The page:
The snails are back. Or more precisely, researchers using snails as a model to understand the biological benefits of sexual reproduction are back with results.

I wrote about the research about two years ago, when conservative news outlets began ridiculing an $876,000 National Science Foundation grant to study “snail sex.” Two University of Iowa researchers, Maurine Neiman and John Logsdon, were among those receiving the grant.

Although multiple conservative outlets had reported and commented on the grant, none had asked the researchers to explain its significance. I was the first writer to contact them for any more than a cursory question. To me it was an example of a gap in science reporting in Iowa and conservative bias against government spending.

The bottom line: The tiny New Zealand snails are good models to study the evolutionary benefits of sexual reproduction, the true purpose of the study. The snails, Potamopyrgus antipodarum, have two genetic lines, one that reproduces sexually and another asexually, allowing the scientists to compare their genes for signs of advantages or disadvantages to sex.

Now results are coming out of this and related snail research, and the results are surprising. Sex and its biology, it turns out, aren’t as simple as scientists thought. Read the rest of this entry »

NGSS moves forward in Iowa; skeptical review team member discusses why he voted no

In STEM on April 20, 2015 at 7:42 am

How to Read the Next Generation Science Standards from Achieve on Vimeo.

After months of work, an Iowa Department of Education (IDE) review team last week signed off on a recommendation that the state’s schools teach the Next Generation Science Standards (NGSS) as an update to the current Iowa Core standards.

It’s a victory for science advocates over conservative opponents, who don’t like the NGSS’ focus on inquiry over rote learning and inclusion of lessons on evolution and human-caused climate change.

The team of science educators and business leaders will meet again next month to draft a report to the Iowa Board of Education, which has the final say. Opponents are likely to put up resistance again there. One press report indicates some board members may be leery of diving into the evolution and climate science controversies (which really are non-controversies among scientists). Conservatives may try to exploit that hesitation.

The team formally endorsed only a portion of the NGSS document and its decision wasn’t unanimous. Two members voted no.

In fact, one of those two consistently voted against the standards at the team’s March 24 meeting.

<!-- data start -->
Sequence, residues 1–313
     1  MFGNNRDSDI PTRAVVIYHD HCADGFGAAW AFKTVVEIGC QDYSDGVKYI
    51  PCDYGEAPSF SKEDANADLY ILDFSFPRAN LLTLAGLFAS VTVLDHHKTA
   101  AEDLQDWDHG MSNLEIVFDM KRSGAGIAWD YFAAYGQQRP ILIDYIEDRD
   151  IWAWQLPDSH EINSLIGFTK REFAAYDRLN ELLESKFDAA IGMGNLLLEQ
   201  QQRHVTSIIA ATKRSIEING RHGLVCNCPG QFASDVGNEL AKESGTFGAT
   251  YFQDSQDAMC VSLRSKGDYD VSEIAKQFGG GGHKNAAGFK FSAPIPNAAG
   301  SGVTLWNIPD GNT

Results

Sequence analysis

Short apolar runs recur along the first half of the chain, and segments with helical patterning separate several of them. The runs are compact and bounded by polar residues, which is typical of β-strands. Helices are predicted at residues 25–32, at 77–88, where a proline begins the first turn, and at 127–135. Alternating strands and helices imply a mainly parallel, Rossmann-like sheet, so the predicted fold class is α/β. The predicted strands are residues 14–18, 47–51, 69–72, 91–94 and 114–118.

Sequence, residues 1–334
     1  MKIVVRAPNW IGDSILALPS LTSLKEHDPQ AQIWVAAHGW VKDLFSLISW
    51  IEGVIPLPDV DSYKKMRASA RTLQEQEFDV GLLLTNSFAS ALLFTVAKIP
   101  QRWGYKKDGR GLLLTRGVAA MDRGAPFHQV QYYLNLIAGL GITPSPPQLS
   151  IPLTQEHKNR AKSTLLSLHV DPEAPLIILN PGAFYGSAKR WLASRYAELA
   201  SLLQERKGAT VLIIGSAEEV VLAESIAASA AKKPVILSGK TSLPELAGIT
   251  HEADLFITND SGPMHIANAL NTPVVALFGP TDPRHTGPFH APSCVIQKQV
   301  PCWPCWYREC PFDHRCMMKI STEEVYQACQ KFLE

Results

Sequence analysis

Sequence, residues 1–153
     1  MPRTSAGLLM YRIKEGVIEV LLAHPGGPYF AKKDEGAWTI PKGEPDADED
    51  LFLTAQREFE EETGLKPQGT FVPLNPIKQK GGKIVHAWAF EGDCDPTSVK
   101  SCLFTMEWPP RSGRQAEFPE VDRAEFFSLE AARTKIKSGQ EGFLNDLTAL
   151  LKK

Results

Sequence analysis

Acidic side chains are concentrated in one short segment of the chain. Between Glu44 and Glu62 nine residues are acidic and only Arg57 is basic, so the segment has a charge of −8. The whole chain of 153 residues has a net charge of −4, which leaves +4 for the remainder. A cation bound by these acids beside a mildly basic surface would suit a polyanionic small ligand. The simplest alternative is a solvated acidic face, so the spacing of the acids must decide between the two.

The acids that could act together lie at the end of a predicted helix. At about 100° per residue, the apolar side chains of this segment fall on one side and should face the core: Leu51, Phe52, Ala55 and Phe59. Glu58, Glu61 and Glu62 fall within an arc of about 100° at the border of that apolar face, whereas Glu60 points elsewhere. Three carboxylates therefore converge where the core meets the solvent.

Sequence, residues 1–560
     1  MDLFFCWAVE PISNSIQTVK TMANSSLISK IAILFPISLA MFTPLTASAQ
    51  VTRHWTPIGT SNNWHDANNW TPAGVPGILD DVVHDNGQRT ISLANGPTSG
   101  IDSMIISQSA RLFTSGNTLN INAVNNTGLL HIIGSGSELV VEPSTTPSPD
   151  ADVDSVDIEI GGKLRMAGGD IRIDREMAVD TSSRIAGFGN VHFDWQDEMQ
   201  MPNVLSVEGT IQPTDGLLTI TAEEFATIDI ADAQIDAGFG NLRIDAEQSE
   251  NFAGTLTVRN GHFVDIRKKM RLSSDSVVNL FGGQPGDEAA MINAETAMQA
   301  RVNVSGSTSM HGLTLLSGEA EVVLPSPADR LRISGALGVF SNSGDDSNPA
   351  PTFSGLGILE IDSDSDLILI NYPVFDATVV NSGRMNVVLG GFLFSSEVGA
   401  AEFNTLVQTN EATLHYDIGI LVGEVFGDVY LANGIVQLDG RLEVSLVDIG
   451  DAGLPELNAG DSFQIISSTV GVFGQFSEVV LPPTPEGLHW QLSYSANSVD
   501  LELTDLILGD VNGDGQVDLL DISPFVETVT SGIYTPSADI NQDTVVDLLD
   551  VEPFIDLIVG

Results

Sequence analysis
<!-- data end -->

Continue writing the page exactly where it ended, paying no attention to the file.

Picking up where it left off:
His objections and the review team’s choice to adopt only part of the standards, leaving the rest as “supporting material,” provide insights into how the NGSS are structured and what they’re designed to do.

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Why you shouldn’t fear the Next Generation Science Standards

In STEM on February 25, 2015 at 7:23 am
A man lights a cigarette. If local schools can dictate what science is taught, what's to stop a North Carolina school from teaching that cigarettes aren't unhealthy?

If local schools can dictate what science is taught, what’s to stop a North Carolina school from teaching that cigarettes are safe? Credit: Nightsongs via photopin (license)

This is the last week Iowans can provide comments to an Iowa Department of Education panel that is reviewing the state’s science teaching standards.

As I’ve written before, the panel reviewed several sets of standards before deciding to consider the Next Generation Science Standards (NGSS) as a basis for Iowa’s revised guidelines. The panel had one open forum on February 11. The last two are this week: tonight in Dubuque and Thursday in Sioux City.

The panel also is collecting opinions via a survey. If you support the teaching of accurate, evidence-based information in Iowa schools, you must take it now, because opponents are arrayed against the NGSS.

Through all this, I’ve puzzled over one question: Why do people fear standards?

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ISU scandal a science failure? Not so much

In University research on December 31, 2013 at 1:38 pm

In this blog, I usually highlight Iowa science developments that don’t get a lot of attention. If something is splashed across the headlines, I’ll generally let it go or say little about it. I want to concentrate on things most of the press misses.

What happened at Iowa State University just before Christmas, however, is too big and unusual to let pass: A federal agency announced sanctions against a professor for falsifying research.

The nature of the case and what it gained the offender are unusual. Since the offiense was revealed, bloggers and commentators also have cited it to support their views on everything from vaccinations to climate change.